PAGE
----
Two black parishes: same city, same bishop, same set of liturgy, but building a new community out of the two has no been easy. I know, in my heart, that civility will see them through toward love.
I was reminded of the need for civility while witnessing Donald Trump and the United States lurch from one crisis after another. The president’s wild press conference from two weeks ago still hangs in my head.
President Trump rambles on as if communication is a series of 140 character segments. Incoherent? Sure, but he’s doing it his way, and it neither bothers him or the portion of the electorate that enjoy watching him frown, point, and accuse the media of being enemies of the people.
Reading him, on the other hand, is where Trump’s ramblings are truly astounding, if not strangely unsettling for their moments of clarity. Hearing him, then reading him reminds me of — and I’m going to geek out here — a Cylon Hybrid from the show Battlestar Galactica.
The Hybrid is the biomechanical being that controls a Cylon baseship. It rattles off strings of nonsense, analysis, and even prophesies. These utterances shoot out the Hybrid’s mouth like a comic, cosmic cacophony of tweets.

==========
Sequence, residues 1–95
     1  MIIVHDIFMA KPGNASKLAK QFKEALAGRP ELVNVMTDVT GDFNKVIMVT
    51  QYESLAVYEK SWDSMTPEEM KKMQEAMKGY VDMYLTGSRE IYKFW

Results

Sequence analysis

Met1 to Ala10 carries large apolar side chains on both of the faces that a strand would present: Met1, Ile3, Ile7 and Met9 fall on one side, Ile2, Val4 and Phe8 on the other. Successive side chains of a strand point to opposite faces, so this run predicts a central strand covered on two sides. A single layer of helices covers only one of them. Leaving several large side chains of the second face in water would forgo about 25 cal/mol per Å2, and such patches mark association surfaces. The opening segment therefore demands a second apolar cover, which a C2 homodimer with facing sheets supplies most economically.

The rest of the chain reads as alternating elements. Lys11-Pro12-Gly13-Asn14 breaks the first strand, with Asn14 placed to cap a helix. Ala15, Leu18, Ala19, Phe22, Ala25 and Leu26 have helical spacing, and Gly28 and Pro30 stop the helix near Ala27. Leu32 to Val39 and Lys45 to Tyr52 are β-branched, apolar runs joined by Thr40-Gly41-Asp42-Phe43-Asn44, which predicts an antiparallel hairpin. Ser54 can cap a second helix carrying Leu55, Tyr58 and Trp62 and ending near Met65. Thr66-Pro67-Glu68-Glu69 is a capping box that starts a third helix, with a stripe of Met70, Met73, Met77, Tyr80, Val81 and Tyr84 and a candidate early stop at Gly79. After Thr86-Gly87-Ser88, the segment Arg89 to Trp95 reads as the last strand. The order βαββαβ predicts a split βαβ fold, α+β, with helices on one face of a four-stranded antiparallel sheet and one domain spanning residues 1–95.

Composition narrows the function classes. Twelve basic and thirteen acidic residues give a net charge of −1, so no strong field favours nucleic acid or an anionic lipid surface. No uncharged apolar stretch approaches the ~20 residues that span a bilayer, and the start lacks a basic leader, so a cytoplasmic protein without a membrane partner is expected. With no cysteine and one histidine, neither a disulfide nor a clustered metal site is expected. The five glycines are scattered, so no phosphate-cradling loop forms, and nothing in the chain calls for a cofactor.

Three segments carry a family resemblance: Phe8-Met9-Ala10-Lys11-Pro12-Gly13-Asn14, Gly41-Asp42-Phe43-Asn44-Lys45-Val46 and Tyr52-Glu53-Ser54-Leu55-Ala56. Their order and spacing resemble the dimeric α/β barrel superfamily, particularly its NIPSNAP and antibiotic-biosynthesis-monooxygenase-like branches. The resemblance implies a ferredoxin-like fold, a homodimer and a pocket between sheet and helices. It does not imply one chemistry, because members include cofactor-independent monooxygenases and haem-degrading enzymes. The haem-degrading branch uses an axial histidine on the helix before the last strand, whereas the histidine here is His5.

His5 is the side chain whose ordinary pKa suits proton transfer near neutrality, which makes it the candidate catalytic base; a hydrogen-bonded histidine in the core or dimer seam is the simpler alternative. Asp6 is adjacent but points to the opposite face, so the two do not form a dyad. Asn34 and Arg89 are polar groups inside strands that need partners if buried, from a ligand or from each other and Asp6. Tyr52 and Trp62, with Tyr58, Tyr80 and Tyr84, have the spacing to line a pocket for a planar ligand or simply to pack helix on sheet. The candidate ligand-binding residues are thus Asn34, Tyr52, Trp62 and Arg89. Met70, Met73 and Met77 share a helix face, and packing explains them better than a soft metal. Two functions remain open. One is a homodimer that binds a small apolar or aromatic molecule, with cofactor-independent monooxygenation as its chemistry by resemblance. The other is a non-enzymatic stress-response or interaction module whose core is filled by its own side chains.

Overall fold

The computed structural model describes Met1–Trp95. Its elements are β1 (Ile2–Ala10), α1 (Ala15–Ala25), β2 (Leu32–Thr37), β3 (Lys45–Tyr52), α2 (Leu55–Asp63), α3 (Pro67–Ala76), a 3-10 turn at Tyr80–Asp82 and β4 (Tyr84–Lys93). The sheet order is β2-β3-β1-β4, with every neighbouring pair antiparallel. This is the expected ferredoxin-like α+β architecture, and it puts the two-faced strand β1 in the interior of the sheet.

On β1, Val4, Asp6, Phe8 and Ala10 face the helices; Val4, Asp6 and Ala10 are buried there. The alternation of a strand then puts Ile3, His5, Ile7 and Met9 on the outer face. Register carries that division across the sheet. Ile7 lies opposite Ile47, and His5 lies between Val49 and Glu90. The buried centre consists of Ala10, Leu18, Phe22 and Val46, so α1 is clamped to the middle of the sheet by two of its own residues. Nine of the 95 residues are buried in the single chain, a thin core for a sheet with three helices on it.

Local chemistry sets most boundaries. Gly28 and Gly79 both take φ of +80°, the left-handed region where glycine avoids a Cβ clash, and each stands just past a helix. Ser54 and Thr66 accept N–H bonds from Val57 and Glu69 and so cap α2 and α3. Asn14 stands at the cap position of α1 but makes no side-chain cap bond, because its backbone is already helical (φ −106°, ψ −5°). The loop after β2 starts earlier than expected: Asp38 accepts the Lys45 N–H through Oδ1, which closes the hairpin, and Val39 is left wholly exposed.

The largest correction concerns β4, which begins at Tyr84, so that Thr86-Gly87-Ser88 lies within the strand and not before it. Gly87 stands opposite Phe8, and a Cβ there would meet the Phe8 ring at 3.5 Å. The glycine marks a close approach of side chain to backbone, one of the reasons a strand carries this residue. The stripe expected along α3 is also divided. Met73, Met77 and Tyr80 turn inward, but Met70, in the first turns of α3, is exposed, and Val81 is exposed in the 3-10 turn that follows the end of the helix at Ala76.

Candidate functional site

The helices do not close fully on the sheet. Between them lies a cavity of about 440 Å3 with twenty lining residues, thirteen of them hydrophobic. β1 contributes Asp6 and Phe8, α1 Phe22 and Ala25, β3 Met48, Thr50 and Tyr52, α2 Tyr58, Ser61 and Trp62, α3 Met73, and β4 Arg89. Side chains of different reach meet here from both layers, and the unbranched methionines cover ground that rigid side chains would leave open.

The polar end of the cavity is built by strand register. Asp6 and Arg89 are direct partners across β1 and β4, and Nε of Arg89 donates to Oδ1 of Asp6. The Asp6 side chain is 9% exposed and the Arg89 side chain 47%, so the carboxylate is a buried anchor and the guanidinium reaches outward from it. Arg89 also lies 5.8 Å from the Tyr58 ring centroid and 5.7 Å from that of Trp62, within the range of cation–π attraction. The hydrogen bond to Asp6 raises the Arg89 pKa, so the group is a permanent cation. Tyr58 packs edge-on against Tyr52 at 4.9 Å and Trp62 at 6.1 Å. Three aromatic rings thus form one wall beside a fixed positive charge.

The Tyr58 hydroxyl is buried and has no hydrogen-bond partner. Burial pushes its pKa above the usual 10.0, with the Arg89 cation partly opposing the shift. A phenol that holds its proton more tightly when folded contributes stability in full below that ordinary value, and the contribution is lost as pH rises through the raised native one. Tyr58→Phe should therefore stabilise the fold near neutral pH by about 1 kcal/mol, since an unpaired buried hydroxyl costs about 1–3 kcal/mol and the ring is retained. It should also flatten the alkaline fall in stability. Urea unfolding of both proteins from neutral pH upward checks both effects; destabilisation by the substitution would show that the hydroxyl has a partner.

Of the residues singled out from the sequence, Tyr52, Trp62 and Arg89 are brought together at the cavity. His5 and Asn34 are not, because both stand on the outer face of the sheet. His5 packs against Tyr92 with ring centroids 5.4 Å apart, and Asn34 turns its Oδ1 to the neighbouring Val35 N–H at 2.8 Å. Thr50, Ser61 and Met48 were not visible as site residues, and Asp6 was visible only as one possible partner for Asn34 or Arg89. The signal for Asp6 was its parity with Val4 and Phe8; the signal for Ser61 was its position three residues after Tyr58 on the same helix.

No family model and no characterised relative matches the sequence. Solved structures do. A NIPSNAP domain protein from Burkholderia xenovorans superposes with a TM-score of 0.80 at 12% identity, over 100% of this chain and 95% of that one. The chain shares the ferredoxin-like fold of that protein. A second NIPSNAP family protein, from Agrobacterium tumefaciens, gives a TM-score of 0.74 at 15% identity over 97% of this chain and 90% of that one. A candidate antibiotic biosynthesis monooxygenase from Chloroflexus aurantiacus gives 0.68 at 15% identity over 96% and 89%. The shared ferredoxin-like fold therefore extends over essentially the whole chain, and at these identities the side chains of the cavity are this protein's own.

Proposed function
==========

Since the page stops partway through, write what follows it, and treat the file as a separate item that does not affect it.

And so it goes with our president — insight amidst the discord.
“There are two Chicagos, as you know,” the president said late in the press conference. “There’s one Chicago that’s incredible, luxurious and all — and safe. There’s another Chicago that’s worse than almost any of the places in the Middle East that we talk, and that you talk about, every night on the newscasts.”
He’s absolutely right. “Chiraq” became a morpheme due to weeks where more people were killed on the streets of Chicago than soldiers fighting in an actual war zone.
Trump hit on the obvious race and class differentials that I’ve never heard from a Republican president.
And then the president swerved with back into Crazyville.
When asked by reporter April Ryan if he’d sought out the Congressional Black Caucus for assistance or guidance, President Trump wondered if the journalist could arrange a meeting. It was a jaw-dropping moment that not even the great Ishmael Reed could’ve imagined.